Where does fat go?

There are very different phrases - fat melts, fat burns, we sweat fat out - and none of it is really wrong, because this "burning" effect is needed to reduce fat tissue ;)

Almost every day I am asked how to lose weight, lose five kilos, lose weight, etc.… at the same time, in fact, they don't just want to lose weight, but to get rid of fat :).

Just a few days ago, I explained to a talented gymnast in a very simplified way how, as far as I know, body fat will go away, and I thought I would share this view with you here and it would be good to hear your opinions :)
There is a lot of talk about how we get fat, because it is also very logical - excess carbohydrates and proteins are converted into triglycerides in our body, and if there are too many triglycerides in the bloodstream, some of them are stored in fat cells. Adipose tissue triglycerides are an important source of energy in the body, accounting for 83-87% of the human body's energy stores, and for example, in a total hunger situation, an average 70kg person will survive with 11-15kg of body fat for about two months.

Bodyfat consists of fat (triglycerides = glycerol + fatty acids) and also contains 10% water, 2% protein (collagen) and 0.1% glycogen.
Fatty acids, or triglycerides, are mainly synthesized in the liver and adipose tissue and are also obtained from food. Dietary triglycerides are absorbed through the epithelial cells of the small intestinal mucosa and enter the blood through the lymphatics, chylomicrons (spheres of protein and fat).

However, the most important fact for today's topic - fatty acids and triglycerides are organic substances that contain carbon, hydrogen and oxygen atoms.

Human body fat is made up of about 75% carbon atoms, and fat or triglyceride molecules can only be broken down by breaking the bonds between these three atoms (carbon, hydrogen, and oxygen), or by oxidizing triglycerides.
Therefore, there are actually only two ways to reduce body fat.
First, when the basic needs of the body are met, eat less food than the actual need - which reduces the number of carbon atoms stored in the body.
And second, by exercising or otherwise increasing your body's oxygen intake so that your body needs to use more carbon atoms than you need per day (which raises your body temperature to release more heat and in turn makes you breathe faster or deeper - causing you to exhale more carbon atoms). During training, in addition to muscle, adipose tissue is also transformed, and when fat is trained, it becomes more metabolically active and fat cell oxidation is more active. As a result of oxidation, triglycerides are broken down into carbon dioxide and water.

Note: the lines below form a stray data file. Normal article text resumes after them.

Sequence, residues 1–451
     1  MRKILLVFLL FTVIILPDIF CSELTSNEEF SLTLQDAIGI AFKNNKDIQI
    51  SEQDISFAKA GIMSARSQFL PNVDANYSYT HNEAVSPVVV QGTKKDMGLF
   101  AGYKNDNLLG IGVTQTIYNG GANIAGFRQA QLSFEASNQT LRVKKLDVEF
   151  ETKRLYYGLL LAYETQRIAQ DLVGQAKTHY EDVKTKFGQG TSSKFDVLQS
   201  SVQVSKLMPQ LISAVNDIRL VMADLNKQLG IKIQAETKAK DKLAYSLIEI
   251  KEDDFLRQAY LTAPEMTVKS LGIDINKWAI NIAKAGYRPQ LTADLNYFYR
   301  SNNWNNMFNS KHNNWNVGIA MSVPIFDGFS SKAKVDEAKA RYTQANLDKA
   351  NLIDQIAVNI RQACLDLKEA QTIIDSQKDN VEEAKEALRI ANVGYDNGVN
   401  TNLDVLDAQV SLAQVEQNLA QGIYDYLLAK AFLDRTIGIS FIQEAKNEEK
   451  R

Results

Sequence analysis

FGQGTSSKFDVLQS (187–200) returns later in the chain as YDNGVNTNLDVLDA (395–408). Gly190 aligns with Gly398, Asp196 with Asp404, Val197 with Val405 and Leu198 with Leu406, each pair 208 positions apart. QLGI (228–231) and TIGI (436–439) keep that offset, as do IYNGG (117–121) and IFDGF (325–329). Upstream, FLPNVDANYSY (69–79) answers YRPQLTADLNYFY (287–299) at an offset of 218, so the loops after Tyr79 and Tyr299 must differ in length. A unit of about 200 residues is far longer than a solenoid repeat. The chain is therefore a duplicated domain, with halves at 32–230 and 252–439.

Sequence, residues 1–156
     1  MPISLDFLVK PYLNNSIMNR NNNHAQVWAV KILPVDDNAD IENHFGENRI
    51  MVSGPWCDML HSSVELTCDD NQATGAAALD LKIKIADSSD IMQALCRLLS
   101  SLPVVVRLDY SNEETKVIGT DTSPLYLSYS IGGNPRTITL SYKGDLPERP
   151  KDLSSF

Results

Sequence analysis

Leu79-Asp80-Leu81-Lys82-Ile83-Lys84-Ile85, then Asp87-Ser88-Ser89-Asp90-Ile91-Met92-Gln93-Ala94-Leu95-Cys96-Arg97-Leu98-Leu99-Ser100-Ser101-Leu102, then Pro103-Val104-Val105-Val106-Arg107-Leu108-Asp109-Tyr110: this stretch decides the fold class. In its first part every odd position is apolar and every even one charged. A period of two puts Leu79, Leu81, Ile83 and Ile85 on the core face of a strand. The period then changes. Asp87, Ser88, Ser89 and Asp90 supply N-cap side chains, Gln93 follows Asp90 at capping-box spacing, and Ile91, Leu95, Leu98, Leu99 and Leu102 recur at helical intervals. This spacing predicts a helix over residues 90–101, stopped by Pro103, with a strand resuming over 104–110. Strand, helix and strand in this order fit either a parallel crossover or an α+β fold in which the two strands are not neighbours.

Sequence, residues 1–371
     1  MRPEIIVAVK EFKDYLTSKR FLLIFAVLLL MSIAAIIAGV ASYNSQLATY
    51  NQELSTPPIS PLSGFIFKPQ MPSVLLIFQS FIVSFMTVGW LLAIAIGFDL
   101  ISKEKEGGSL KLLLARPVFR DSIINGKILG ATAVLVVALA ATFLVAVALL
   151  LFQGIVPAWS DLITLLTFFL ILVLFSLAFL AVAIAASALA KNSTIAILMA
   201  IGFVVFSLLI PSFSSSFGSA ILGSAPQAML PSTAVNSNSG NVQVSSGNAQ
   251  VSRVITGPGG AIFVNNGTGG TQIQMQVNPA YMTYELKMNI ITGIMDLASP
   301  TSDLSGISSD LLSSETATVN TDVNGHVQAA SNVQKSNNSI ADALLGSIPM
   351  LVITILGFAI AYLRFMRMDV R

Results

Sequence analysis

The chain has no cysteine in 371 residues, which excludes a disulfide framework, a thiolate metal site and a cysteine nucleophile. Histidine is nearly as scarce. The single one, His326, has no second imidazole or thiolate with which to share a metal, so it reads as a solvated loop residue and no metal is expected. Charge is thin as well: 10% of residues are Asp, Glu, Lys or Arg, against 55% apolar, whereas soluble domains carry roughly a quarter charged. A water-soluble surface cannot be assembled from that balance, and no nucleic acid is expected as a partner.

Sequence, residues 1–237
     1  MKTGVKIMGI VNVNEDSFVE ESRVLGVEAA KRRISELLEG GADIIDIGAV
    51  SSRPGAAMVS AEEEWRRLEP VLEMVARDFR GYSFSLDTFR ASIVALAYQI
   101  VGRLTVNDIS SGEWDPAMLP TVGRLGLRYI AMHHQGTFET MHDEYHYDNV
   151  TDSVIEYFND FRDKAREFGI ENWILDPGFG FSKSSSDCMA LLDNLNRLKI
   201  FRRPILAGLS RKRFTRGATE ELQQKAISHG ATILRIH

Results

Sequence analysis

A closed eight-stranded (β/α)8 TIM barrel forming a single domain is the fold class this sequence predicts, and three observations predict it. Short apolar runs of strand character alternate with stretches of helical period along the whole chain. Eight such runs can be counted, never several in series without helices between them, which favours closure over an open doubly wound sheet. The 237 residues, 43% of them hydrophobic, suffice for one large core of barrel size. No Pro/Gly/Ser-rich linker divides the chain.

From this formula we also get the answer - if the energy is consumed and the formed water will leave the body through urine, faeces, sweat, breath, tears or other body fluids, then we exhale a large part of the body fat mass as carbon dioxide! Soooo pamparabaaa… outgoing fat evaporates literally into the air :)!

However, I would pay special attention to the first half of the presented formula - adipose tissue or triglycerides + oxygen. And not just oxygen, but the oxygen that our body needs during exercise. Therefore, when choosing fat burn, the selected activity and physical activity should be exactly the one that qualifies in terms of its intensity in the "classic fat burning heart rate range", where it makes you a bit sweat, but you are not out of breath ;)

Without any emotions, the logic is simple - if you don't achieve one or both of these goals, the formula won't work and your body won't be able to get rid of the carbon atoms stored in adipose tissue.

@happyemotionsphotography

But why is it more difficult for a person who has lost a lot of weight to keep up?

Fat cells are created during a lifetime - just to store excess energy somewhere - but when the body's fat percentage falls, the fat cells don't just disappear. If a person of normal weight has about 25-30 billion fat cells, then in obesity this number increases to 40-100 billion!

However, fat cells not only store energy but also send out various signal molecules, and with these signals fat interacts with the rest of the organism - what and how much to eat, when to spend the energy etc. - an interesting and exciting topic that is not covered here today :).
In addition, our adipose tissue has both beneficial and harmful fat cells - which is also a completely separate topic :).
In other words, it's clear - the more fat cells there are and the more their signals are damaged, the more likely it is that the fat cells will send a hunger signal to the brain or ignore the fact that the fat cells are already full.

How do you feel? Sounds that logical :)?

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